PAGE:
WILLIAMSON COUNTY, Texas — On Wednesday, Williamson County leaders testified as the Texas House Committee on Urban Affairs takes up House Bill 1803, relating to the requiring of county approval for the proposed purchase of a property to be converted into a space to house the homeless.
This comes as the City of Austin has approved the purchase of the Candlewood Suites, a hotel in the Williamson County area, in order to house members of the homeless population, a proposal that has sparked numerous protests and a lawsuit.
The bill aims to require communication between cities and counties when purchasing or converting buildings with the purpose of housing homeless. HB 1803 requires cities to present a plan to county commissioners who oversee the county where the property sits. County commissioners would then need to approve the plan before a City could purchase or convert a building to help house homeless.
Lawyer and Hampton Inn and Homewood Suites CFO Rupal Chaudhari said her “Chaudhari Partnership” business filed a lawsuit in March, seeking injunctive relief, monetary relief and a declaratory judgment preventing the finalized purchase “without proper notice and compensation for the loss of value of its properties and easement.”
Meanwhile, the Williamson County Commissioners Court also unanimously voted to explore taking legal action against the City of Austin in February after asking the City of Austin to delay the purchase for six months, a request that was denied.
Williamson County Judge Bill Gravell hinted at a lawsuit to be soon filed by the county when asked where the county was on the "legal front."
"We have offered many olive branches of conversation and not one of those calls for conversations has been reciprocated," Gravell said. "I just want to be unequivocally clear, if you do not reach out to our olive branch, we will reach out to you."
County leaders say that while the City of Austin plans to use the site for permanent supportive housing, the purchase was decided upon with no warning to nearby homeowners and businesses, some of which share fences and driveways with the property.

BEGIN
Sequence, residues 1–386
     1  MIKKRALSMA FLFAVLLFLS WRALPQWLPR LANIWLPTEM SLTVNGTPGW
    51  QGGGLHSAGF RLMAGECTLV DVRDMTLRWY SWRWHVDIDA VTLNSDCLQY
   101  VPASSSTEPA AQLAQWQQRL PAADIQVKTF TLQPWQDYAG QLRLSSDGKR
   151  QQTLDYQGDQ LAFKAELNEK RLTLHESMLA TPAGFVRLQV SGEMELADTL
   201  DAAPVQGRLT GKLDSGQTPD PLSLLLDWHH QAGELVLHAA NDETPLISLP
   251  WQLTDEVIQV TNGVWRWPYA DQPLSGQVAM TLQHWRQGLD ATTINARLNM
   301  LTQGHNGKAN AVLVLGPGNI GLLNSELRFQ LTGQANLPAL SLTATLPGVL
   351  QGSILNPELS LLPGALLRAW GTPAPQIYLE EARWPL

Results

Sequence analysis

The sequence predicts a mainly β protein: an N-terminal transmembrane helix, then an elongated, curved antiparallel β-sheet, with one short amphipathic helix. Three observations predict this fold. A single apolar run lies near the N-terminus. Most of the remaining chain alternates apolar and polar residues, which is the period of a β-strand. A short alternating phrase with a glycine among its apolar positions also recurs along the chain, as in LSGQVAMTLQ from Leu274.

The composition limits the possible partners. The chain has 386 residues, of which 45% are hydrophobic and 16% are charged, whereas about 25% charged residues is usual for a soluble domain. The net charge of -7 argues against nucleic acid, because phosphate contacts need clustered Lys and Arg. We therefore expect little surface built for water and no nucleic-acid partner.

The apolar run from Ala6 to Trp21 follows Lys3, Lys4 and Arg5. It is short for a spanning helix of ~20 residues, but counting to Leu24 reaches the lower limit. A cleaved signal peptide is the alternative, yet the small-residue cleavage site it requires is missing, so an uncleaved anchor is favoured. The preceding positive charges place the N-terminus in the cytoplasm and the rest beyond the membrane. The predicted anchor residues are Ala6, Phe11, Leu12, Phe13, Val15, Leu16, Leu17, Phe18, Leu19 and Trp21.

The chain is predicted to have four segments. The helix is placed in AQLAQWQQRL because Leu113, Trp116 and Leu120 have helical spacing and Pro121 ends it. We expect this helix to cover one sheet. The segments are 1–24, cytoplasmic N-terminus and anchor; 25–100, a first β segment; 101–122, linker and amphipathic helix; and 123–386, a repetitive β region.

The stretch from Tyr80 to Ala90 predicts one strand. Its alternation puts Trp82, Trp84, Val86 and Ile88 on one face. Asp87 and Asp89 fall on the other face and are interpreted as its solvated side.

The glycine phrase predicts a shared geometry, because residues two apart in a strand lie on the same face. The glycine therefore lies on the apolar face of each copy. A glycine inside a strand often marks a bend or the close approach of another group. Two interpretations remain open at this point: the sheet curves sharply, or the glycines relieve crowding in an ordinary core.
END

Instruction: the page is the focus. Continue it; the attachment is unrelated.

"There are many questions the City still has yet to answer for, including why this backroom deal was arranged by a former councilmember with zero community engagement, whether the $9.5 million purchase and nearly $2 million yearly operational budget merit housing just 50 people or can be sustained, how the City plans on providing adequate access to medical and transit services, and how the City intends to improve transparency and communication for future projects," wrote Chaudhari in a press release on Wednesday.
Austin Mayor Steve Adler released the following statement on Wednesday:
“This bill is a major setback for ending homelessness. It contains red tape and delay that will make it more difficult for the city to acquire permanent housing solutions on the market. More broadly, with housing costs skyrocketing in the Austin MSA, any effort to hamper the ability of cities to develop affordable housing, which may or may not be used for homelessness, is a mistake.
“Those of us committed to ending the tents in our city, in favor of safe, dignified housing, are opposed to HB1803. We cannot effectively end living in tents unless we give folks a safe, legal alternative. Making it even harder for cities to acquire permanent housing, by building in a county approval process without bounds and the potential for infinite delay, helps no one.
“We urge state lawmakers to at least consider revisions to the bill that would require county commissioners to consider and take action on a City’s request for approval for permanent housing solutions within 60 days of plans being submitted.”
PEOPLE ARE ALSO READING: